Why Should Small Business Owners Consider Critical Illness Insurance?

Why Should Small Business Owners Consider Critical Illness Insurance?

Small business owners like you face many challenges. From employee management, customer service, sales, marketing, accounting there is a myriad of things to do. In most cases small business owners pride themselves on being heavily involved in their businesses to ensure success. This is true even when you don’t feel your best. Similar to top performing athletes, minor illnesses such as the cold, flu, sprains, muscle strains, etc. don’t keep business owners sidelined. I remember as a child watching my father continue to work despite not feeling well because quite frankly there is no such thing as a paid sick day for small business owners. In fact, the bills and payroll just keep coming in regardless of how you feel.

However, what about in situations that could sideline even the most committed small business owner? What about receiving news from the oncologist that you have cancer? What about a major heart attack or stroke?

What will be your plan then to keep your business running without you?

Enter critical illness insurance. This policy pays a tax free lump sum benefit in the event you are diagnosed with cancer, stroke, heart attack, and roughly 20 other listed illnesses (each carrier is different so consult an insurance agent for a list of covered illnesses)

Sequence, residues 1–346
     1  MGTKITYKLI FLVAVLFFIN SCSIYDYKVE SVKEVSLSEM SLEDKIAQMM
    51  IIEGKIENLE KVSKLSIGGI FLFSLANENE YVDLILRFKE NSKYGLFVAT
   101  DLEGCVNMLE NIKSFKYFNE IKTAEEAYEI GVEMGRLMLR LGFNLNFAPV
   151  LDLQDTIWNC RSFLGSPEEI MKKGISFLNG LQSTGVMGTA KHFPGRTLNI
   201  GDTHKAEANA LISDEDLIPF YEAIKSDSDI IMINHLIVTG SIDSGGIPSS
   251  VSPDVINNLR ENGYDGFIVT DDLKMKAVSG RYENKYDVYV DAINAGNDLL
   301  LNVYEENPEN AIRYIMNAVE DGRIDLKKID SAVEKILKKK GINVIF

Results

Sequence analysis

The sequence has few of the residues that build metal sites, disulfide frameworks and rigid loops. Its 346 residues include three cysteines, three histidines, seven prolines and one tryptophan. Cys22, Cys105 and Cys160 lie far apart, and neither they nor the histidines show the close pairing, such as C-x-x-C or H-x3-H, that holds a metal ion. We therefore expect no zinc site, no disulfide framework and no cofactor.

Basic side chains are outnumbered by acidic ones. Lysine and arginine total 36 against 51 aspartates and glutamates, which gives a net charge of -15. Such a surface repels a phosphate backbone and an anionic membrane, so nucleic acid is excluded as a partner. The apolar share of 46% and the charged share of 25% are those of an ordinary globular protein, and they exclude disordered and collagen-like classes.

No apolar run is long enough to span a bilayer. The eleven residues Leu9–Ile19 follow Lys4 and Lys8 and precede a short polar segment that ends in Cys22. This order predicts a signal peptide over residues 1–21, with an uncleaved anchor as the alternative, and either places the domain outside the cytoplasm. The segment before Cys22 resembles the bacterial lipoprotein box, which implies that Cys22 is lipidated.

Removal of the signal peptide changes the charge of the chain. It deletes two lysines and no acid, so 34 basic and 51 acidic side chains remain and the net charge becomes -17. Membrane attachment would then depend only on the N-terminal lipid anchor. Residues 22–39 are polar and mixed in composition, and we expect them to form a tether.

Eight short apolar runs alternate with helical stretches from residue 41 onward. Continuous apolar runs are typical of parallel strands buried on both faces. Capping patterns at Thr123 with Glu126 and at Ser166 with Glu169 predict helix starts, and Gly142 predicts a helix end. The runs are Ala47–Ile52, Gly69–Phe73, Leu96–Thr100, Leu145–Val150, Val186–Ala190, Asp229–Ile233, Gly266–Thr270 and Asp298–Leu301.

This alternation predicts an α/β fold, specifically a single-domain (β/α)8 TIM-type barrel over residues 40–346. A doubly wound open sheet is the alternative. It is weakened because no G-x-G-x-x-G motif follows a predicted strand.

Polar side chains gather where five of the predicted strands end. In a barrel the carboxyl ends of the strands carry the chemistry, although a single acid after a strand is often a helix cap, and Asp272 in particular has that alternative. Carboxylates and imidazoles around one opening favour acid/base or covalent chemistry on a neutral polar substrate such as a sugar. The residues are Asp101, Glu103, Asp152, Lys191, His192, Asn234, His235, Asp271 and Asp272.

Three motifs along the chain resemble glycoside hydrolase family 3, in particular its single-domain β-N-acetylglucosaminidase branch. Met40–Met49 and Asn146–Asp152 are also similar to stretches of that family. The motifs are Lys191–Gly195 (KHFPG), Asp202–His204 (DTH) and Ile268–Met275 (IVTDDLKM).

There are three simple reasons to consider a critical illness insurance policy if you are a small business owner:

1. Protect your family

No doubt this could be a challenging time for your family. The stresses involved are real. Will your spouse have to take off work to care for you? Will you have to home modifications due to your illness? Will you have high out of pocket medical costs? Money does not replace your health but sometimes it does help ease the burden and provide some much needed relief to your wallet and saving accounts. This can allow you to focus on recovery!

2. Protect your investment

If you are like most small business owners you have invested thousands of dollars and most likely hundreds of thousands of dollars in your business. You have labored nights, weekends, and holidays and most likely at some point you have sacrificed time with your family to make things happen. In a situation of a critical illness all this becomes at risk. The lump sum benefit paid by the insurance policy could provide you with a much-needed financial buffer to protect your investment.